There are other vivid details in John that could easily be thought to go back to historical reminiscence: John the Baptist was baptized at Aenon near Salim (John 3:23); the lame man lay for thirty-eight years at the pool of Beth-zatha (5:3 —5); the slave whose ear was cut off was named Malchus (18:10); Peter stood at a charcoal fire outside Annas’s house during Jesus’s trial (18:18). The biblical scholar Paul N. Anderson claims, ‘John has more archaeological, topographical, sensory-empirical, personal knowledge and first-hand information than all of the other gospels combined.” Such vivid presentation (what the Greeks called enargeia) was a known technique of historiographical discourse. (p. 203)
6. . . . the introduction of literary eyewitnesses (such as the Beloved Disciple);
Despite the unlikelihood of the evangelists being eyewitnesses, at least one of them indicates that he based his material directly on an identifiable eyewitness who appears as a character in his story. Late in the fourth evangelist’s account, he introduces an unnamed figure whom he refers to as “the disciple whom Jesus loved.” This disciple, who appears nowhere else in gospel literature, is portrayed as one of Jesus’s most intimate companions. At the Last Supper, the Beloved Disciple rests his head on Jesus’s breast (John 13:21-25). This posture represents a privileged, intimate relationship mirroring Jesus’s own relationship with his Father, in whose bosom he abides (John 1:18). (p. 196)
7. staged skepticism among the eyewitnesses (as in Matt. 28:17; John 20:25);
The author of Matthew noted that some of Jesus’s eleven disciples doubted the resurrection even when they saw him physically present (Matt. 28:17). (p. 191)
Thomas had declared, “Unless I see the nail wound in his hands, thrust my finger into the nail wound, and thrust my hand into his side, I will not believe.” A week later, Thomas was staying in a locked room when Jesus walked through the walls. Admittedly, this was not a good way to prove Jesus’s materiality. Still, the hero approached Thomas and said, “Thomas, place your finger here; observe my hands, then bring your hand and thrust it into my side” (John 20:25-27). Thomas instantly realizes that Jesus is not a ghost but a god (John 20:28). (p. 184)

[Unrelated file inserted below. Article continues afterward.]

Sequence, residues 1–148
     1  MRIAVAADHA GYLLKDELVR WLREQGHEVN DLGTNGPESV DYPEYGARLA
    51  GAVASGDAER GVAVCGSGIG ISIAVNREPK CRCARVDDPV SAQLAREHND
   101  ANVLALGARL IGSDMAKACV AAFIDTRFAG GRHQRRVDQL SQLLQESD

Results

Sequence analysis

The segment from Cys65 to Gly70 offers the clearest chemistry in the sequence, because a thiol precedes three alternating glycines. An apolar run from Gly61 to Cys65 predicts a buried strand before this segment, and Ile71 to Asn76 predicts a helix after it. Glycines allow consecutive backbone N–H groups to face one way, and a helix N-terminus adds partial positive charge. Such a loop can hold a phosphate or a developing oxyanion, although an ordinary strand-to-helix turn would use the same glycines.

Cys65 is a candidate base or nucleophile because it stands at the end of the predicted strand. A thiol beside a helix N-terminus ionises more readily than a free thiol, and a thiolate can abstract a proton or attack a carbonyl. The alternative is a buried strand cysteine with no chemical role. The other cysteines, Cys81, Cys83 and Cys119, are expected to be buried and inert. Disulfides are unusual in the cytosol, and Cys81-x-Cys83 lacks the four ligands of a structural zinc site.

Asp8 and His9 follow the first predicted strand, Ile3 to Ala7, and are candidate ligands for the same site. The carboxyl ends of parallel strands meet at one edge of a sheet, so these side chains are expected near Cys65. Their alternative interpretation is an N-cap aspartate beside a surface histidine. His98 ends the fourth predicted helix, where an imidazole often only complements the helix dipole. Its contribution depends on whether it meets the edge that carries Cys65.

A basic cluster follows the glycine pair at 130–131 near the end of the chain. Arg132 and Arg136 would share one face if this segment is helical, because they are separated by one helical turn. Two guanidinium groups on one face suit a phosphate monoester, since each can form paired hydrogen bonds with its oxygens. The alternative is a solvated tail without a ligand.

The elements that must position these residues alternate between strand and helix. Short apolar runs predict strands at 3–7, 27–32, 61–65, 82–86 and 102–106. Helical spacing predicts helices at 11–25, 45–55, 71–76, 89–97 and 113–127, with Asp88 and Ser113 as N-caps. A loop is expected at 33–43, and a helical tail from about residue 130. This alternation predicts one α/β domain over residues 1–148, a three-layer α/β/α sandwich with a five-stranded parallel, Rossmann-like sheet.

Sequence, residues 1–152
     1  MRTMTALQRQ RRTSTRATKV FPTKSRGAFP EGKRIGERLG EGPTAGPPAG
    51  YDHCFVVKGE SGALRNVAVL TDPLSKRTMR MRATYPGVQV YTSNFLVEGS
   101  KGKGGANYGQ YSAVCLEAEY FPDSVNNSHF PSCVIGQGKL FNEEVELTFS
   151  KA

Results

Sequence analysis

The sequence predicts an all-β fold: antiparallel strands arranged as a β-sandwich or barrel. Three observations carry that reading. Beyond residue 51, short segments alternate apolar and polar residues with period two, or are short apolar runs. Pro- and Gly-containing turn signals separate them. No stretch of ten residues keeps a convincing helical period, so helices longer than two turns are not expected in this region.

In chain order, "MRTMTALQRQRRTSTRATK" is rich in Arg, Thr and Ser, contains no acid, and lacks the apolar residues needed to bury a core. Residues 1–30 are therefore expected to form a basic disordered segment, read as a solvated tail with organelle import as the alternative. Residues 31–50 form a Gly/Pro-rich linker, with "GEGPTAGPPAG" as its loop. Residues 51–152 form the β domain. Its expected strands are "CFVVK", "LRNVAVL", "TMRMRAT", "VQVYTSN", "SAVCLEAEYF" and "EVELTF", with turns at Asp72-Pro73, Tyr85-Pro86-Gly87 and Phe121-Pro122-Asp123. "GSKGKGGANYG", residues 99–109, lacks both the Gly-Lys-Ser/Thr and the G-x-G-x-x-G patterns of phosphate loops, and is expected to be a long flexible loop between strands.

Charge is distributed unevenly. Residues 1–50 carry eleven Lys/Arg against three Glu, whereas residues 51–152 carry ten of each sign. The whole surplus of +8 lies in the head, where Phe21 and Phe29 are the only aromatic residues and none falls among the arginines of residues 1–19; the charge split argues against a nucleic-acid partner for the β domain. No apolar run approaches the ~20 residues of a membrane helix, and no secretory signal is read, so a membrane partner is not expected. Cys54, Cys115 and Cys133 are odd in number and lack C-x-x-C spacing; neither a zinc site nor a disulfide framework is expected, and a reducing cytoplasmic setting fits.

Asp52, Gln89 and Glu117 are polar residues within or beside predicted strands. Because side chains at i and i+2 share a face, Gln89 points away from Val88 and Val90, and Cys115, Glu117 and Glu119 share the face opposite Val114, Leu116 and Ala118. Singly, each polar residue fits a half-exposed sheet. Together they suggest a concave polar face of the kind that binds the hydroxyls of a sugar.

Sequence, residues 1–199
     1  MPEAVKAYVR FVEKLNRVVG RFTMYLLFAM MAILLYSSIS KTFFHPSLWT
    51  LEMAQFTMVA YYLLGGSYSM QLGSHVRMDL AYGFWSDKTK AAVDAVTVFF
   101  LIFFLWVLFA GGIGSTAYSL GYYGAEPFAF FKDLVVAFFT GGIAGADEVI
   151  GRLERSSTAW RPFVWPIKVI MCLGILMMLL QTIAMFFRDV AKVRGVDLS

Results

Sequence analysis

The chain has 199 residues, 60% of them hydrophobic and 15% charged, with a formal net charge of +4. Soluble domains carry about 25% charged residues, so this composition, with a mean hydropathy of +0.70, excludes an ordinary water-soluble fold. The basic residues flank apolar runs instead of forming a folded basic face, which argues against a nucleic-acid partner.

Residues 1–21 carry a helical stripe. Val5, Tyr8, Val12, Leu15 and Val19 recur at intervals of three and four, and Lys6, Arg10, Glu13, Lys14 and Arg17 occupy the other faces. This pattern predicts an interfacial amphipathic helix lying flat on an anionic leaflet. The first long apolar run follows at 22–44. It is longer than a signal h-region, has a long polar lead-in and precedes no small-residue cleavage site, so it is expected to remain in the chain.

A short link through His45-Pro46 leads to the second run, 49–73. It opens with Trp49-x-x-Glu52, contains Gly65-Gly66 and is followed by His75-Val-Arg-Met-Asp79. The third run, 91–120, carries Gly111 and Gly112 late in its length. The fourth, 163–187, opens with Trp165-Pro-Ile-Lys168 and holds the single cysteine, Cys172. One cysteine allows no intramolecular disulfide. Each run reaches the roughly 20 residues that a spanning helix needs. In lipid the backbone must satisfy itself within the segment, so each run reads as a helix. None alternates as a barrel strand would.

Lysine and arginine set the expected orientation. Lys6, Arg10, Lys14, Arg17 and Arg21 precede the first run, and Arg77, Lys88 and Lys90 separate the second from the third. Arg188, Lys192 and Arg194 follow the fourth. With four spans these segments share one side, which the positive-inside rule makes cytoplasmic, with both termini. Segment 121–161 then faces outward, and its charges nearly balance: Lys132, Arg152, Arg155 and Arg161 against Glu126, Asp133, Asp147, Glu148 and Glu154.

8. alternative reports (as in Matt. 28:13);
Despite the added story of Jesus’s appearance, reports of fraud arose. The disciples were rumored to have stolen the body (Matt. 28:13). In Matthew, this report is implicitly belittled since the disciples would have needed to subdue the well-trained and heavily armed Roman guard. (p. 174)
9. stated links of causation (as in Matt. 28:15);
In providing this alternative tradition, the Matthean evangelist used the language of historical causation. The conniving Jewish leaders created the theft story; hence it continues to persist. Although this evangelist preferred to explain the missing body by narrating resurrection appearances, the fact that he offered an alternative report is significant. Providing such a report was a common historiographical technique. Offering the reader a choice between the reports gave the (albeit fleeting) impression of objectivity. (p. 175)
and . . .
10. . . . literary traces of a past event (such as tomb tokens).
Contrary to the suspicion of modern skeptics, they do not go to the wrong tomb. They recognize the right tomb by the presence of Jesus’s personal items, namely, the linen wrappings that formerly covered his body and a neatly folded cloth that covered his face (John 20:5-7). These details undercut the supposition that the body was stolen, since robbers would presumably not have taken the time to carefully fold Jesus’s face cloth. (p. 176)
Not unique to history
As discussed in the earlier posts these techniques are not exclusive to works of ancient history and biography but are also found in mythical-poetic works and even in fictional novellas, both “historical” and “erotic (=love stories)”.
One more — the everyday human setting
An elaboration can be made to some of Litwa’s above ten: e.g. the “objectification”, the “straightforward, matter-of-fact presentation”, as well as the references to “well-known persons” and “places on the map”, are brought to bear in very ordinary, everyday human life contexts, such as inviting guests in for a meal. The “vivid presentation” is not always there (not even the crucifixion of Jesus is described as graphically as it could be) but the “random and circumstantial details” are part and parcel of the miraculous or mythical events taking place as “by the way” events in mundane human settings.